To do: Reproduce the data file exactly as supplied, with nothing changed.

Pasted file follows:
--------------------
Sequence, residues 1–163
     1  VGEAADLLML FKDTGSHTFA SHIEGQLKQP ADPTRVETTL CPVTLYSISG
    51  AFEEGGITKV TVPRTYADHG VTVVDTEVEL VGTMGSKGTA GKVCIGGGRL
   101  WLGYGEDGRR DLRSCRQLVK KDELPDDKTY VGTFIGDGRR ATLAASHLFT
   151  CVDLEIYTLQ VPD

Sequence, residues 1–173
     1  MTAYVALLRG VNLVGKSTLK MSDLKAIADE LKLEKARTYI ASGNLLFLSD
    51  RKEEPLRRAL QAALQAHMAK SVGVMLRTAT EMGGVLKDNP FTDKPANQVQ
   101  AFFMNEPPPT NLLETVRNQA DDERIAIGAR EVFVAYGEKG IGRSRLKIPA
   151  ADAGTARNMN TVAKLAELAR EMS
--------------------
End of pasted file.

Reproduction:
Sequence, residues 1–163
     1  VGEAADLLML FKDTGSHTFA SHIEGQLKQP ADPTRVETTL CPVTLYSISG
    51  AFEEGGITKV TVPRTYADHG VTVVDTEVEL VGTMGSKGTA GKVCIGGGRL
   101  WLGYGEDGRR DLRSCRQLVK KDELPDDKTY VGTFIGDGRR ATLAASHLFT
   151  CVDLEIYTLQ VPD

Sequence, residues 1–173
     1  MTAYVALLRG VNLVGKSTLK MSDLKAIADE LKLEKARTYI ASGNLLFLSD
    51  RKEEPLRRAL QAALQAHMAK SVGVMLRTAT EMGGVLKDNP FTDKPANQVQ
   101  AFFMNEPPPT NLLETVRNQA DDERIAIGAR EVFVAYGEKG IGRSRLKIPA
   151  ADAGTARNMN TVAKLAELAR EMS